Geologists have also said that the first batch of concrete balls slid far deeper into the crater than expected.

Estimates had suggested 125,000 to 160,000 cubic metres of mud flowed from the hole daily, but Novrianto said Wednesday that the flow had decreased by around 80,000 to 90,000 cubic metres.

However, he added the team was trying to devise more accurate ways of measuring the flow. The assessment is currently based partly on how much mud is held back behind emergency dykes, which keep breaking and spilling the sludge.

President Susilo Bambang Yudhoyono last week ordered the effort to continue for another month. The government expects to spend around 370 million dollars tackling the phenomenon.

About 3,000 residents from the crater's site in Sidoarjo, East Java, who have yet to be compensated after the mud swamped their homes, plan to demonstrate at the presidential palace in Jakarta, reports have said.

The hot mud began bubbling up from deep underground in late May last year after exploratory gas drilling at the site by local firm PT Lapindo Brantas. The sludge has inundated some 600 hectares (1,500 acres), including many homes, and threatens to swamp a key railway, which is to be rerouted away from the danger zone.

Experts are unsure how long the crater will spew mud if left unchecked, with some suggesting it could be years.

Yahoo News 20 Mar 07
Halt of Indonesia's 'mud volcano' baffles experts

An Indonesian "mud volcano" that has displaced 15,000 people briefly stopped spewing toxic sludge for the first time in more than nine months, baffling scientists, an official said Tuesday.

"The flow of mud coming out of the crater suddenly stopped for about 30 minutes shortly before noon (0500 GMT) on Monday," said Rudi Novrianto, a spokesman for the government team trying to plug the flow. "None of our team members knows for sure what happened and we are still trying to determine how it happened," Novrianto said.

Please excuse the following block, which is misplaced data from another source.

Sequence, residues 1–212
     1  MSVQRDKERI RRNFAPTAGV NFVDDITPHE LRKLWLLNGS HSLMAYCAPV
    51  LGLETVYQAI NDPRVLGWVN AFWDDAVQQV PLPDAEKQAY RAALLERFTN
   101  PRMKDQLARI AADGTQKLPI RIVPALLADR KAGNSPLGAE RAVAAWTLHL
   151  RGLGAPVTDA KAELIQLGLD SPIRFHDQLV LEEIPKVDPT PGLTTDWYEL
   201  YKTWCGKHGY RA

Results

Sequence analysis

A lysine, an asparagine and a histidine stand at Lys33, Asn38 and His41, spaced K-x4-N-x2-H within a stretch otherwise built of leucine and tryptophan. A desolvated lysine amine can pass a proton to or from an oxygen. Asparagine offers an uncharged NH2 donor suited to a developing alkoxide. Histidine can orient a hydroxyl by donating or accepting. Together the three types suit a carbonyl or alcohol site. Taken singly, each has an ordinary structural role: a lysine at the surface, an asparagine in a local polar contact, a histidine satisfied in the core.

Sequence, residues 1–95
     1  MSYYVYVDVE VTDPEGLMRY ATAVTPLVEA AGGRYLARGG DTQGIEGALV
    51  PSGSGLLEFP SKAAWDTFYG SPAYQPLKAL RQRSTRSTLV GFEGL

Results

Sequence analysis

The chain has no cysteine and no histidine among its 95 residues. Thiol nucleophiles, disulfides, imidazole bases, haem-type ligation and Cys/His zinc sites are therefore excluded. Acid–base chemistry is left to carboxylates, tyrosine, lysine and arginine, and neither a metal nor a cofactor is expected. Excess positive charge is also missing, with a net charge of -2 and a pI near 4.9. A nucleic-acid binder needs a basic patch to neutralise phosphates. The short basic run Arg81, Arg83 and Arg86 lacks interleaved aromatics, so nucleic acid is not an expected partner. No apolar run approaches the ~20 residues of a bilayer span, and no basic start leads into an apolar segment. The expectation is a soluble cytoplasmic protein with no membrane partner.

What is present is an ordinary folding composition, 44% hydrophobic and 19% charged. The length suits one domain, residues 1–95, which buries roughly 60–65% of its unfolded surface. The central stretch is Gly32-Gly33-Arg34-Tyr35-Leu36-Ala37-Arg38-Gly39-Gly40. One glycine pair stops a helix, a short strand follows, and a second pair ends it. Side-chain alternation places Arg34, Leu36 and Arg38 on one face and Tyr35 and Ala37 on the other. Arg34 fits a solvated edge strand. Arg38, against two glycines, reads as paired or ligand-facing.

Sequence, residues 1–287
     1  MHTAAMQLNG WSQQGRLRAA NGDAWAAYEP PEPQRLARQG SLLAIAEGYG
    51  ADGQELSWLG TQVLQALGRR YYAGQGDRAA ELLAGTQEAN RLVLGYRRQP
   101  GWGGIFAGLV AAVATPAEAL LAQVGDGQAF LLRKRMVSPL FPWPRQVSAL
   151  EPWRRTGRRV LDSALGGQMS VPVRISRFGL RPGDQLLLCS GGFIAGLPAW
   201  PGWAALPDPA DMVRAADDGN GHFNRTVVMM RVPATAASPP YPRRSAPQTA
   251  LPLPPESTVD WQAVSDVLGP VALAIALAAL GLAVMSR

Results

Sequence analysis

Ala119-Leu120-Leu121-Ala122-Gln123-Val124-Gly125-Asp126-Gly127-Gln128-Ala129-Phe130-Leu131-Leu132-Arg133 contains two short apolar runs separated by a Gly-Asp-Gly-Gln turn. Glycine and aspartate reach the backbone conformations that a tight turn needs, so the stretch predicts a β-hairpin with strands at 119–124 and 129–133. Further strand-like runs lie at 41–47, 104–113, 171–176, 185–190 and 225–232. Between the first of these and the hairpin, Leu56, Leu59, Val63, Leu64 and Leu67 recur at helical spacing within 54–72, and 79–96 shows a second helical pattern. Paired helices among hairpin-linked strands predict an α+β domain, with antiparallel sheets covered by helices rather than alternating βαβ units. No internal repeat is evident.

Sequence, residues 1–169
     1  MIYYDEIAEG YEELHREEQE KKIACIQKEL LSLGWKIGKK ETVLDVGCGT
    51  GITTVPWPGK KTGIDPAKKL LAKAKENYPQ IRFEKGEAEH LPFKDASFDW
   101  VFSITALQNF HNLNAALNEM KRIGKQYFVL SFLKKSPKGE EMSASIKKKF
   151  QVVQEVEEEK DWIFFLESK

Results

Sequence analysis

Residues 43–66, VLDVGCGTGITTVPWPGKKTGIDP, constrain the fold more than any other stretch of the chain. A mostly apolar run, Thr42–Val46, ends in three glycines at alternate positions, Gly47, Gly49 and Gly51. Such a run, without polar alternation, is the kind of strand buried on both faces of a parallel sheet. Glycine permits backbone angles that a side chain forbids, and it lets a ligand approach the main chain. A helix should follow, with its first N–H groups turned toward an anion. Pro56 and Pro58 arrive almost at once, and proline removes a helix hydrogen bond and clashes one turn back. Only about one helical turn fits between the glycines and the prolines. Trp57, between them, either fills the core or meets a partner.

The steaming crater, located near Indonesia's second-largest city of Surabaya, merely bubbled during the pause, he said. The temporary hiatus was the first since the mud hole began spewing sludge in May.

Indonesian experts are trying to slow the flow by dropping chains of heavy concrete balls into the funnel, a bold plan some say will not work.

The pause was probably unrelated to the hundreds of chains already dropped into the mud hole, Bagus Endar Bachtiar Nurhandoko, an official from the team battling the crater, told the Kompas newspaper. He said the brief halt may have occurred because parts of the funnel collapsed, creating a temporary obstruction that was eventually cleared by pressurised gas in the crater.

"We were worried that an explosion would follow, but it turned out not to be the case," Nurhandoko was quoted as saying.

Experts have already dropped an initial target of 374 chains, each comprising four concrete balls, into the crater. They hope to narrow the funnel and obstruct the sludge in a bid to curb the flow by up to 70 percent. Another 500 chains are to be sunk into the mud hole, but Novrianto said the team was still awaiting a fresh supply of concrete balls.

Some of the experts working to calm the crater have said the chains appear to have slowed the mudflow. They are working to confirm the assessment with official measurements.

The hot mud began bubbling up from deep underground in late May last year after exploratory gas drilling at the site by a local firm, PT Lapindo Brantas. The sludge has inundated some 600 hectares (1,500 acres), including many homes and factories, leaving thousands of people homeless and jobless. The mud also threatens to swamp a key railway, which is to be rerouted away from the danger zone.